Recently I’ve been evaluating Elementary OS, a Linux distribution based on Ubuntu Precise (12.04 LTS). Despite the Elementary desktop looking like they’ve cloned parts of the Apple OS X desktop a little too well I appreciate what they’re trying to achieve.

With Ubuntu itself, after about 10.10, their desktop environment started heading in a strange direction, trying to cater for a certain type of “modern” user, and doesn’t sit well with me. Personally I don’t want my desktop looking like a touch device and prefer a more “traditional” environment.

I’d go into this further (and less vaguely) but ultimately it’s just personal preference. I’m sure stock Ubuntu suits some people just fine.

The actual point of this post is that the current release of Elementary OS doesn’t support using software RAID from the installation CD. Apparently the Elementary installer is based on the graphical Precise installer which doesn’t support software RAID either.

One solution is to install stock Ubuntu Precise from the “alternate install” CD. The alternate installer runs in text mode, but does allow installing to a software RAID device. You can then add the Elementary OS repos to /etc/apt/sources.list.d/, and then using apt-get to install all the Elementary OS packages. When I tried this it appeared to work fairly cleanly, but for some reason still left me with somewhat broken desktop environment. Despite having an entirely empty $HOME directory (initially), some apps icons were missing from the Elementary dock that are normally visible on a regular Elementary OS install, and the window theme was still the Precise theme, not the Elementary theme.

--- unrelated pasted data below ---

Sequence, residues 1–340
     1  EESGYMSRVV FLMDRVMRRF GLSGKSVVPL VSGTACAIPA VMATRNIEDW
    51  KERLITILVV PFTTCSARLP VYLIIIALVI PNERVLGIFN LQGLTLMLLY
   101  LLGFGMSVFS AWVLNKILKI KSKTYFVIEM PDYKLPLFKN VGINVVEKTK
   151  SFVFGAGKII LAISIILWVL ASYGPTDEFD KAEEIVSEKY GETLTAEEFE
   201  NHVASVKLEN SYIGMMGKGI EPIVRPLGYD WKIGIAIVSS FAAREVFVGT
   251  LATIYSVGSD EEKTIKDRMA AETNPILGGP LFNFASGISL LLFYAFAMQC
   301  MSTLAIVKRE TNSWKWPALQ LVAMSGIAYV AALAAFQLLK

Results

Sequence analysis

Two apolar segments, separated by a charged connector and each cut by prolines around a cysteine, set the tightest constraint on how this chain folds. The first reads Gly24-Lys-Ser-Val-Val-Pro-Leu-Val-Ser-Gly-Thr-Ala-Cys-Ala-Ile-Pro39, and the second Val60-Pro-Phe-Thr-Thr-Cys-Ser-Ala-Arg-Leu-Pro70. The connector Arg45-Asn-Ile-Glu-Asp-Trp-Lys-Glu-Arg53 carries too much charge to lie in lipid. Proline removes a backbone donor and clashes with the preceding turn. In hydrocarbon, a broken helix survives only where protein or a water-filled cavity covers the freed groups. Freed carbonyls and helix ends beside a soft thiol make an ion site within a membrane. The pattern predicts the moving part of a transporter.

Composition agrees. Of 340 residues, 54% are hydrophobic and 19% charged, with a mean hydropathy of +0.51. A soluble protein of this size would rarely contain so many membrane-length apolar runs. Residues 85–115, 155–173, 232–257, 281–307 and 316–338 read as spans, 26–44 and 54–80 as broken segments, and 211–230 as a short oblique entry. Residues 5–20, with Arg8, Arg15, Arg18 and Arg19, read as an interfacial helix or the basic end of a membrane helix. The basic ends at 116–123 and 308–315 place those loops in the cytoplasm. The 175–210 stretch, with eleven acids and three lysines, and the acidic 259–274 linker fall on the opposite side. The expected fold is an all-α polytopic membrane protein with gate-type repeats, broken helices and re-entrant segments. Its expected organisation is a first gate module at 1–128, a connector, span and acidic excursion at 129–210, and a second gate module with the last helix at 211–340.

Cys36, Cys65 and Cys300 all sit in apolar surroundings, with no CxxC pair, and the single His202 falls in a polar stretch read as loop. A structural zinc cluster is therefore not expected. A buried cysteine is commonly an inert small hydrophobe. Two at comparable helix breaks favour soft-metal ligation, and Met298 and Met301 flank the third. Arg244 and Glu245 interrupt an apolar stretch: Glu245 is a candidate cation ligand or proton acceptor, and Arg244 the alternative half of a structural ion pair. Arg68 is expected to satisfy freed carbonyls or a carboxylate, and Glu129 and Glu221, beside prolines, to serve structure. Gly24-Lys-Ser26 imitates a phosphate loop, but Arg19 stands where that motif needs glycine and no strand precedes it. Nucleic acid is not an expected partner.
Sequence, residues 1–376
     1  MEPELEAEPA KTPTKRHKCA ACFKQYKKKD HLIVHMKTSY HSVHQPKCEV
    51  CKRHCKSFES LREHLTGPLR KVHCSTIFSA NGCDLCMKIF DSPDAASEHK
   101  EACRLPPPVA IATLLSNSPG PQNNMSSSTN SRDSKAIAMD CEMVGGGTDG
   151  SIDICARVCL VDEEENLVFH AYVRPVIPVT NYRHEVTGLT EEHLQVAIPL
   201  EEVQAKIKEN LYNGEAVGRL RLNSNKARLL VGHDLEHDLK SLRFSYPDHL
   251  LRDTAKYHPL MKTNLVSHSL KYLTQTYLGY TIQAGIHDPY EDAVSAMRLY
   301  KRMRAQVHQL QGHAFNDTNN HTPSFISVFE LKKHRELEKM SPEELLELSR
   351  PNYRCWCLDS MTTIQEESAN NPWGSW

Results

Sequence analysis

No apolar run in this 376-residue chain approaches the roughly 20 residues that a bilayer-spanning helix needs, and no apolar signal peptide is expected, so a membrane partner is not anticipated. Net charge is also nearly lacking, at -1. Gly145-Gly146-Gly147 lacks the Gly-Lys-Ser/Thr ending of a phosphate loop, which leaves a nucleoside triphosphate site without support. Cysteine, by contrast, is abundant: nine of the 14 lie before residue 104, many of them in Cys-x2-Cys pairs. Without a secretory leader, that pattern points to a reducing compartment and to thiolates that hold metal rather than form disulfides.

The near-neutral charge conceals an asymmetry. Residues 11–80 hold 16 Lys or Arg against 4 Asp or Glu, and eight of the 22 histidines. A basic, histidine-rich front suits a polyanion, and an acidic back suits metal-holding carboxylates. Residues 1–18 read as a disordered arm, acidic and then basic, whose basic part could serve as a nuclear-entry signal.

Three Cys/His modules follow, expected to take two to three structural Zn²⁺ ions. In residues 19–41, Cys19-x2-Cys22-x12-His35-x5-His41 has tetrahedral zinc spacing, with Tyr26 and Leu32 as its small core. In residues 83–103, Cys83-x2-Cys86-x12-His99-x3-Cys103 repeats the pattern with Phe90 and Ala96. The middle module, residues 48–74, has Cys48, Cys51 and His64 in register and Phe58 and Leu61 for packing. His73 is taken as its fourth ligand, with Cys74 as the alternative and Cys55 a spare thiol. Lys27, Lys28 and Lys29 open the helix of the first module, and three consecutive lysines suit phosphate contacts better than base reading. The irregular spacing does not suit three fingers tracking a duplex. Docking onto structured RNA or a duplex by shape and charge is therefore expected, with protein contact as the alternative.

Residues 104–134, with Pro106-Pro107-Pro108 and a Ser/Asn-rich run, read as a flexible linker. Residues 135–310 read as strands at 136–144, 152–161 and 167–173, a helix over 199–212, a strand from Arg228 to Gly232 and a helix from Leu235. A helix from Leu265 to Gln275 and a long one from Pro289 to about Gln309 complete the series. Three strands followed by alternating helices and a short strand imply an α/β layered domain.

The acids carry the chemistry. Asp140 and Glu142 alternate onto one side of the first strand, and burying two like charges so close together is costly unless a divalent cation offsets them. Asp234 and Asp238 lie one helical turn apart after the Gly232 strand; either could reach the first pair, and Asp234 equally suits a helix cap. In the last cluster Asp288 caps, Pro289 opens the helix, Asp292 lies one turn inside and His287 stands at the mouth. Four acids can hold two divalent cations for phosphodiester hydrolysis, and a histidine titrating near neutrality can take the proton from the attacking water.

I’m sure there are simple ways of fixing the above, but there might still be other problems behind the scenes caused by running a “hybrid” distro in this way.

A much simpler and less error-prone method is to install Elementary OS to a single drive initially, then install and run Raider. Raider converts a regular single-disk Linux installation to use software RAID, and pretty much just involves running ‘raider -R1’ (for a RAID1 setup), powering off the system, physically swapping the disks, then powering on again and running ‘raider –run’. You can then uninstall Raider if necessary; it is no longer required.

For the record I used Raider on a system running from an XFS partition (rather than the usual ext3 or ext4 format) and it worked perfectly.




I suspect future versions of Elementary OS (eg. the next version based on the upcoming Ubuntu 14.04) will support software RAID from the installer, but even so, using Raider should still be a viable alternative.

Obviously Raider can also be used to convert other existing Linux installations to a RAID configuration. Make sure you create a backup first though, just in case! (I recommend CloneZilla for that.)


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